Prometheus is a time-series database that stores our metric data by pulling it using a built-in data scraper periodically over HTTP. It also has a simple user interface where we can query and visualize the collected metrics.

While Prometheus provides some basic visualization, Grafana offers a rich UI where you can build custom graphs quickly and create a dashboard out of many graphs in no time. Grafana can pull data from various data sources like Prometheus, Elasticsearch, InfluxDB, etc. Here we build docker-compose.yml to install Prometheus and Grafana from Docker:

version: "3"

    build: .
      - 4567:4567
    image: prom/prometheus
      - 9090:9090
      - "./prometheus/prometheus.yml:/etc/prometheus/prometheus.yml"
    image: grafana/grafana:latest
      - 3000:3000 
      - prometheus

Let’s now configure Prometheus by setting the scrape interval, the targets, and define the endpoints. To do that, we’ll be using the prometheus.yml file:

  scrape_interval: 5s

  - job_name: "prometheus"
      - targets: ["localhost:9090"]
  - job_name: "key-value"
      - targets: ['app:4567']

You can read more about Prometheus configurations, at the official documentation.

Bringing up everything

Run docker-compose up to start the app, Prometheus and Grafana. Open http://localhost:9090 for Prometheus and http://localhost:3000 for Grafana.


To check if Prometheus is pulling metrics from the web app, open “Status”> “Targets.”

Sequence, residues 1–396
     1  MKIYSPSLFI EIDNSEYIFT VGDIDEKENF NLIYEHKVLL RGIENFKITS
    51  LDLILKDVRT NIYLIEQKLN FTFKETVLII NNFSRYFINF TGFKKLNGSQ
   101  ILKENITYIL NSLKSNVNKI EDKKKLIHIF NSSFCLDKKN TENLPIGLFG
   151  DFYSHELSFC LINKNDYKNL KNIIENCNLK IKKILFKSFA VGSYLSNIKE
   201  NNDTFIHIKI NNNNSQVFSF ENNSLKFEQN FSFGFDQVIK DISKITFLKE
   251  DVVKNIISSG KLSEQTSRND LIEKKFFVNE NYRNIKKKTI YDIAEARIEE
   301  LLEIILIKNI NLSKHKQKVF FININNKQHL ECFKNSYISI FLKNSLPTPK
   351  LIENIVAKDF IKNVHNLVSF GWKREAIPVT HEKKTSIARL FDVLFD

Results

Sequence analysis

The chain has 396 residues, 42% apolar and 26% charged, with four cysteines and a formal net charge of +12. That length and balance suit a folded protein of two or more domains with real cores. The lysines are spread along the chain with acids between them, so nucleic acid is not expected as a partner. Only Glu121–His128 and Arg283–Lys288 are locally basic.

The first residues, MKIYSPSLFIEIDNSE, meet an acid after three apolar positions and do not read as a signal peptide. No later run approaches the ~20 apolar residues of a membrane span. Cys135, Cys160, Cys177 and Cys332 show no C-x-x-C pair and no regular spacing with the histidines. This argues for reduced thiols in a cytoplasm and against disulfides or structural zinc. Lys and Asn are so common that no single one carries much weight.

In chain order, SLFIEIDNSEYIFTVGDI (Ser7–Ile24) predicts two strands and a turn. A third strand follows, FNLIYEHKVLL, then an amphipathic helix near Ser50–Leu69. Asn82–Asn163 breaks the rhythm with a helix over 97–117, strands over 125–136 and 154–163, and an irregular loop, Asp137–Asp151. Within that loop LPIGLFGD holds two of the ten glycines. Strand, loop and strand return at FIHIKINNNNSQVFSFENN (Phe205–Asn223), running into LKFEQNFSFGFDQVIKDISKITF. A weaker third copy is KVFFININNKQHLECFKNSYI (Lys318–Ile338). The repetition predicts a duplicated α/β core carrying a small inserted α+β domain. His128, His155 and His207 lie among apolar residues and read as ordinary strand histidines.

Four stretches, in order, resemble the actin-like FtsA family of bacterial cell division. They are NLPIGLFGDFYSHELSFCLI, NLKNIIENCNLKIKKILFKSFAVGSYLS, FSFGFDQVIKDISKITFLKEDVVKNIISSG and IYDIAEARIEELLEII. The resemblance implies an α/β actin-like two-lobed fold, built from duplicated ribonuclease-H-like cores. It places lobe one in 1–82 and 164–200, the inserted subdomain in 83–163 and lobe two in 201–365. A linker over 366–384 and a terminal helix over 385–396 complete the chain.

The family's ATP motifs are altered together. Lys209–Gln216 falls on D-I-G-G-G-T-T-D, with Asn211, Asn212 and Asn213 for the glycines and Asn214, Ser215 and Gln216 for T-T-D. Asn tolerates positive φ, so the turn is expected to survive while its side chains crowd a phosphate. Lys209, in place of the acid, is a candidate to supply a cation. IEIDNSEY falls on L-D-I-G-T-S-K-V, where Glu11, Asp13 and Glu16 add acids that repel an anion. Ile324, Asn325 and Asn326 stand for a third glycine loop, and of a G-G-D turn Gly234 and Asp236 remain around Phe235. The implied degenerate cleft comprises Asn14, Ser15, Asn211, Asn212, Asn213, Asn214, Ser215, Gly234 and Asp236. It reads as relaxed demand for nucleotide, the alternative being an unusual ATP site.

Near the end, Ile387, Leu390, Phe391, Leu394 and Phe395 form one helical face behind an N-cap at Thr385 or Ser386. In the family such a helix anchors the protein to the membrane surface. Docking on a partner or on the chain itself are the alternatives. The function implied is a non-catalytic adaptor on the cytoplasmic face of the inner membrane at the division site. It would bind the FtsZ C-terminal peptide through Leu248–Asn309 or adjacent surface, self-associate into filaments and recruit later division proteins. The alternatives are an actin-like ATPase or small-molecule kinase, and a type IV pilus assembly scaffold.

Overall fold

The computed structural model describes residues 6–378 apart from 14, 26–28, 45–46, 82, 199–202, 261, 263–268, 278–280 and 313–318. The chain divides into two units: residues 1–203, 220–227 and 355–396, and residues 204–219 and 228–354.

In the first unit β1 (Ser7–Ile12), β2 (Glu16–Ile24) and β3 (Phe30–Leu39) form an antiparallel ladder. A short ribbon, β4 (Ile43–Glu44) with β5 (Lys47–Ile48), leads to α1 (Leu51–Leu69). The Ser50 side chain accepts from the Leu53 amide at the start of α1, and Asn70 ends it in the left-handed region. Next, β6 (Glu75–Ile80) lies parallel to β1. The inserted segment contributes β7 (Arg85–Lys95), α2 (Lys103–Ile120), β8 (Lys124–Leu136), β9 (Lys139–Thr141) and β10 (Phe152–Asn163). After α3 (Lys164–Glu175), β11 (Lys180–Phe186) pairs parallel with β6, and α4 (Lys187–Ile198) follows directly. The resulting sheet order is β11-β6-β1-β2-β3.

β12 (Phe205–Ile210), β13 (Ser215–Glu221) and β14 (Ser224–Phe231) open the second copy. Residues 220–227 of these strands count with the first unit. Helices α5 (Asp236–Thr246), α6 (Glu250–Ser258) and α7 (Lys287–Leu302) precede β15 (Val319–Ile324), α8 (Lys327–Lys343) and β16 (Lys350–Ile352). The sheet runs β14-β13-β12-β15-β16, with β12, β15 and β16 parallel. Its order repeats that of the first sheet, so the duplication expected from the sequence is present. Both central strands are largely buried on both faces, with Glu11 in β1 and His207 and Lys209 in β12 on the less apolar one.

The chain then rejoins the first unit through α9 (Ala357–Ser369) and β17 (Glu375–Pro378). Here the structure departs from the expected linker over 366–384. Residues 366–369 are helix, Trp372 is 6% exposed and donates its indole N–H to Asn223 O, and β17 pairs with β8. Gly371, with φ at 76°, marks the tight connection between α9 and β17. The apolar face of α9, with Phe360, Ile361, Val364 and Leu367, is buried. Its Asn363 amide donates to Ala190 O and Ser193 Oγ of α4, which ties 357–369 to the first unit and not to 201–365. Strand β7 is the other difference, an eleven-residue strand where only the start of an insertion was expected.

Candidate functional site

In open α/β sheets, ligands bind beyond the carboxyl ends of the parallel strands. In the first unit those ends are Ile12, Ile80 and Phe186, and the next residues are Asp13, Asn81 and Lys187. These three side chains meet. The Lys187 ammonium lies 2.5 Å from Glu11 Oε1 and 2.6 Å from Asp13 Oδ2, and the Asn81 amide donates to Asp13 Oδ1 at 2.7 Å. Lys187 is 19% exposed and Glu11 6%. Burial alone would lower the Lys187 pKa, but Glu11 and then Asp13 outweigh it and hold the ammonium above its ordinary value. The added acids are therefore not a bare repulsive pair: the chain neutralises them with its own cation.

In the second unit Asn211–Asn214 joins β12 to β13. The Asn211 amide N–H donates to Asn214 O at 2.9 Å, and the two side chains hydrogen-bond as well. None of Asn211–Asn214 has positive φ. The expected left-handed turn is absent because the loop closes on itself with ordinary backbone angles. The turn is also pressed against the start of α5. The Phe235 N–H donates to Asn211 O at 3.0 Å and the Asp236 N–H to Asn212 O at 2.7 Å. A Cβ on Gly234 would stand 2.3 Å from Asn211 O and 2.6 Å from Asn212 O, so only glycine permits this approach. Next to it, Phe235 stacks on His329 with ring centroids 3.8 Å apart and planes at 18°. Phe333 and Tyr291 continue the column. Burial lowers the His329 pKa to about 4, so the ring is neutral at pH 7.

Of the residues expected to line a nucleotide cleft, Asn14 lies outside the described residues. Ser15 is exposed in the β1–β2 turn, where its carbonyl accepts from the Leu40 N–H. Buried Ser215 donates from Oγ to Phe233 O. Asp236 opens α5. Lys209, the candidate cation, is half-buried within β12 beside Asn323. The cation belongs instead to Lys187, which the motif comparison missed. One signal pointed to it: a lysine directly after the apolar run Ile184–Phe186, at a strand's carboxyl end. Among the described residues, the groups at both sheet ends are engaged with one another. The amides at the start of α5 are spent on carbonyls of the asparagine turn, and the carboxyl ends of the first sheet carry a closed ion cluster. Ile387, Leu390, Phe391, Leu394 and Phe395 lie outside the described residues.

Setting up Grafana

While docker-compose started Grafana, it doesn’t do much yet.

We need to configure Grafana to connect with Prometheus by manually setting up the data source.


Then create a dashboard, add a “Query” and select your Prometheus data source, which you just configured.

In the “Metrics” field, add a PromQL query such as:



You can read more about PromQL in the official documentation.

Configure Grafana Provisioning

Instead of manually creating dashboards and data sources, we can utilize Grafana provisioning. You can read more about Grafana Provisioning in the official documentation. Add two new volumes to docker-compose to read our provisioning configs and dashboards. You can see the completed docker-compose file here. volumes:

"./grafana/provisioning:/etc/grafana/provisioning"2  - "./grafana/dashboards:/var/lib/grafana/dashboards"

Create a new file, datasource.yml under provisioning/datasources

apiVersion: 1

  - version: 1
    name: prometheus
    type: prometheus
    access: proxy
    isDefault: true
    url: http://prometheus:9090

Create another file, dashboard.yml under provisioning/dashboards

apiVersion: 1

  - name: 'KeyValue'
    type: file
      path: /var/lib/grafana/dashboards

Export the dashboard you created earlier and put it under folder. You can find the dashboard here as well.

Bring docker-compose up, and you should be able to see Grafana with your dashboard and data source set.


Here we saw how to configure a Java application to monitor it with Prometheus. You can explore JMX exporter and Micrometer JVM extras to report several metrics about the JVM and many other java libraries. Let me know about your experiences in the comments!